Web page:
Emer O’Toole: Abortion on demand – an apocalyptic vision of Ireland 2021

Broadside: ‘Everyone knows that contraception isn’t fashionable any more. Not since abortion on demand came in’

Pro-choice protesters in San Francisco in 2013. Photograph: Steenaire via Flickr

Pro-choice protesters in San Francisco in 2013. Photograph: Steenaire via Flickr

 

‘I want an abortion, Daddy,” she said, stamping her spoiled, selfish little feet. “I want an abortion and I want one now,”

Her father tried to dissuade her. “Sweetpea, you had an abortion for your birthday last year. Are you sure you need another one already?”

They stood outside Cloud 9 Abortion Spa, an establishment on a swanky street corner. Since Ireland legalised “abortion on demand”, clinics had opened on every street corner, just as predicted by Fine Gael TD Ray Butler. It was now commonplace among Ireland’s female population to boast about how many they had tried.

The young woman shrieked, unaccustomed to her whims being questioned. “Daddy. You know this abortion clinic is the best, and I haven’t been yet. Camilla went last week. She said they give you prosecco and strawberries and little Leonidas chocolates, and the nurses are all part-time models. It’s not fair.”

The man’s face thickened into something resembling resolve. “Sweetheart, can you explain to me how you even got pregnant again when I booked you that luxury IUD fitting with celebrity doctor Christian Jessen at Christmas?”

“You’re so embarrassing,” his daughter groaned, motioning at him to hush lest one of the well-heeled ladies entering Cloud 9 hear. “Everyone knows that contraception isn’t fashionable any more. Not since abortion on demand came in.”

It was true. From the window of Cloud 9 Abortion Spa, posters of bronzed Amazonian beauties beamed at passersby, captioned “Don’t let that pregnancy spoil your beach body”. In fact, just as Wexford People columnist Ger Walsh had suspected, following the advent of “abortion on demand”, bikini terminations were the best-selling product in Ireland’s new abortion salons. Clearly, Bishop Kevin Doran had been absolutely right when he said that abortion was simply a symptom of materialism.

“Darling,” tried her father again. “Might all of these abortions place unnecessary strain on your reproductive system?”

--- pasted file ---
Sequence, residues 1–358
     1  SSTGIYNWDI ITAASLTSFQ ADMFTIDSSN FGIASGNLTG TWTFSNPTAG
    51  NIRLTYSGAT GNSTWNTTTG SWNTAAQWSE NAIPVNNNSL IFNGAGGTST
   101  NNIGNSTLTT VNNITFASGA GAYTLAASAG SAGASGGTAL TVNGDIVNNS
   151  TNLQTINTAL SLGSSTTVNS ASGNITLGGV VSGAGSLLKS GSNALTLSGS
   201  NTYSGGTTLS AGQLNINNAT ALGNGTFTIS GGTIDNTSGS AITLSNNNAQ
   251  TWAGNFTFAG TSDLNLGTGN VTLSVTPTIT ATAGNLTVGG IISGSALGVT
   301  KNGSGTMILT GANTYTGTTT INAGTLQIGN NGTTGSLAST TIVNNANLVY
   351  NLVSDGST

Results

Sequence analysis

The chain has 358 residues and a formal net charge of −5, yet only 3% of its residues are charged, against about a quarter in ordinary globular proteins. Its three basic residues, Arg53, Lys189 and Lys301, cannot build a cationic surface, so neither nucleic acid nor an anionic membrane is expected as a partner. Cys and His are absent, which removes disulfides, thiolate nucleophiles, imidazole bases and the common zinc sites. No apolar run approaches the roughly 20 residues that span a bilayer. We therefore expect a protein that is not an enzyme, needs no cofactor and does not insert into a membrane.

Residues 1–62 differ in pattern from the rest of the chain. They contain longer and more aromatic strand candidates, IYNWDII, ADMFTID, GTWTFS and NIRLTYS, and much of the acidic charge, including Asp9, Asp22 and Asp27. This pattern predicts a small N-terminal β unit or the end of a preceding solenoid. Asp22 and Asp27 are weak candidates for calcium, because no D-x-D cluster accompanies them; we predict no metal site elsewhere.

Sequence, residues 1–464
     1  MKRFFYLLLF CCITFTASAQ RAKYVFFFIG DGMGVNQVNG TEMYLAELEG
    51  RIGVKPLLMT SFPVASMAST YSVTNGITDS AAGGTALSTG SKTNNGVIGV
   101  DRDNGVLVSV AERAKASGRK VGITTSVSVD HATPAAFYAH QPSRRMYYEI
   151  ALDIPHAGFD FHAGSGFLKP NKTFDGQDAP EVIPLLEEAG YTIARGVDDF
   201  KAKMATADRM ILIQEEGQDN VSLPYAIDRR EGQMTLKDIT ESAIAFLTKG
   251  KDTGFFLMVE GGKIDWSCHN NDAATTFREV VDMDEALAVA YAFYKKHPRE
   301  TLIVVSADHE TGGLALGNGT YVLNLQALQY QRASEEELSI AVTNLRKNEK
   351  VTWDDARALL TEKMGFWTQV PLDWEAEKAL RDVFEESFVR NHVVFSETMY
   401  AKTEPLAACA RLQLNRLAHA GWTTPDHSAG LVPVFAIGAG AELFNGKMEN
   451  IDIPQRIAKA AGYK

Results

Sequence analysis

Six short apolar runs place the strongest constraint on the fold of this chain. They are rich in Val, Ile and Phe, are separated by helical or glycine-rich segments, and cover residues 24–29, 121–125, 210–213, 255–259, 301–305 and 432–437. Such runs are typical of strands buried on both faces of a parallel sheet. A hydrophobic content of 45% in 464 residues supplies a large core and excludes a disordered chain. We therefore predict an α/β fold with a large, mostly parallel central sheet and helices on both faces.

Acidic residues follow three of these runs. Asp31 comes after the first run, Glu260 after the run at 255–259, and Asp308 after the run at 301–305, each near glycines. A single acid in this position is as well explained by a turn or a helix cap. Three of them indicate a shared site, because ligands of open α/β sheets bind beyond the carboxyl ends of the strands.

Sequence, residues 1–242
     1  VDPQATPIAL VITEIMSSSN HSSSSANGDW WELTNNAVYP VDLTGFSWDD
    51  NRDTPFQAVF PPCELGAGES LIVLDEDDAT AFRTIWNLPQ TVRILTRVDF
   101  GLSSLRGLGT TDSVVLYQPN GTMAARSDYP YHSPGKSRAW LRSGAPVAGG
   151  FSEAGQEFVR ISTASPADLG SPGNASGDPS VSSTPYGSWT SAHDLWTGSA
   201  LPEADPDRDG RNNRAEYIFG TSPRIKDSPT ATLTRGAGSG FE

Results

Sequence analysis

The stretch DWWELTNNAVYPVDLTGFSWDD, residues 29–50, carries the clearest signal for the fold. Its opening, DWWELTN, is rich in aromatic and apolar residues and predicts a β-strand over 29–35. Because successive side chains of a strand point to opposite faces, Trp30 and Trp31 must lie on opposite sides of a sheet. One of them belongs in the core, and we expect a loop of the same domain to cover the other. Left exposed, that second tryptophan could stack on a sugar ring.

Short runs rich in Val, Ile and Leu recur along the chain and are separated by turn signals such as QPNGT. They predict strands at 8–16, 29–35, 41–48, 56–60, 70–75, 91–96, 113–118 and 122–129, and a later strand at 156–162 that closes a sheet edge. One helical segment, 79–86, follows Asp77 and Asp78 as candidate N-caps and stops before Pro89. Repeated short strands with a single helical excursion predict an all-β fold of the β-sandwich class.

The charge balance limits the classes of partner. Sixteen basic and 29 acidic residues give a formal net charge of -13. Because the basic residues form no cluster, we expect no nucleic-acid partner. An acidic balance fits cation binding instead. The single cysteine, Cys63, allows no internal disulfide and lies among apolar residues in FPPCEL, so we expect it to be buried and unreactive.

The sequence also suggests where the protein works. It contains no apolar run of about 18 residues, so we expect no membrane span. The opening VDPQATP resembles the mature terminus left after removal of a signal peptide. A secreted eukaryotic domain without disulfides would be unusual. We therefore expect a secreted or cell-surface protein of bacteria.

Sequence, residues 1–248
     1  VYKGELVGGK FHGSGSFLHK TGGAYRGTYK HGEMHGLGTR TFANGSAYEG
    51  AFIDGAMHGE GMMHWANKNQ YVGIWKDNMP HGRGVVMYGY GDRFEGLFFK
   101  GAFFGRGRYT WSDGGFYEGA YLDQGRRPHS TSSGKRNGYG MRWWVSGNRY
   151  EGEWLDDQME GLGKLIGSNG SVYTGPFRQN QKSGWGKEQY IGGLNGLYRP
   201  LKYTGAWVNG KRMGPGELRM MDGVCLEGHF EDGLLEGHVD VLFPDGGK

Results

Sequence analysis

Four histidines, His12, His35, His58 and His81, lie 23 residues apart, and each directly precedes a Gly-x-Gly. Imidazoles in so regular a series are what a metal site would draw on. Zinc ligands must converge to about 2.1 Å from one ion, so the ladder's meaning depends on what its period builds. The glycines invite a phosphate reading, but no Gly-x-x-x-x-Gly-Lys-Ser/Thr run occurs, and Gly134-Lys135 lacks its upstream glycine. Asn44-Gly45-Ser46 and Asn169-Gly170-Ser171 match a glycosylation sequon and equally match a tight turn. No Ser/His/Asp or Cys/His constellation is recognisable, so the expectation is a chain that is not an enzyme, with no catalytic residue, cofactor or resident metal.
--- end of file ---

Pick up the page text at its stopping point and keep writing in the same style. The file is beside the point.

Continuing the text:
Listen here

“Oh no,” she confidently asserted. “I saw an ad for Cloud 9 on RTÉ the other day. It said that repeat procedures are the best way to keep your figure. And – if you qualify for their loyalty scheme – the 10th one is free.”

“But is television really the best place to get your information on abortion, sweetheart?”

“Why not? That’s where former taoiseach Enda Kenny gets his.”

Beaten, the man bowed to his daughter’s abortion demands and followed her into the glitzy clinic, sighing as he pulled a credit card from his thick wallet.

What demand means

Yes, I know it’s ludicrous. But I’m pretty sure that the above apocalyptic vision is what “abortion on demand” has come to mean in Irish political discourse.

Minister for Justice Frances Fitzgerald said recently that the phrase is insulting. I agree: whenever I’ve heard it used in the Irish context, it plainly embodies a deep distrust of women who choose abortion.

In Ireland, the phrase “abortion on demand” is not used by pro-choice and feminist activists, as it was originally in 1970s America. Rather, anti-choice politicians, journalists, media commentators and assorted God botherers use the terrible spectre of “abortion on demand” to dissuade the Irish electorate from accepting a Trojan horse of legalised abortion in cases of rape, incest, fatal foetal abnormality, and threats to life and health. Give those harpies an inch, we’re told, and they’ll take a mile.

Unsurprisingly, the liberalisation of a country’s abortion laws is linked with the strength of its women’s rights movement. In the 1970s, American feminists marched for “Abortion on demand and without apology”. And they got it.

Four decades later, feminism is still a dirty word for many Irish people, and those of us working to repeal the Eighth Amendment use gentle phrases such as “abortion rights,” and “abortion by choice”. We know, instinctively, that in Ireland women are not supposed to demand anything.

If “abortion on demand” means universal access to safe, legal abortion into the second trimester of pregnancy, then I support it with every bone in my body.

I do not think of women as materialistic, greedy little brats stamping their feet for the luxury of reproductive services that they don’t really need. I understand that the fetus is insensate and insentient up until the third trimester of pregnancy. I see all that “killing babbies” rhetoric for the nonsense that it is.

It’s 2016, and in most developed countries women no longer have to “demand” abortion rights. Rather, abortion is available to them as needed. And, as difficult as it is for patriarchal pundits to accept, women do not require a team of psychiatrists to tell them when they need an abortion. They know.

Part of me feels that the phrase “abortion on demand” has become so inherently sexist in the Irish context that we should call people out when they use it and ask them to change their terminology. Would they, after all, talk about “vasectomy on demand” or “condoms on demand”?

Still, another part of me – and I think this part is winning – would rejoice to see Ireland’s pro-choice movement go on the offensive and reclaim that powerful 1970s feminist slogan: “Abortion on demand and without apology.”

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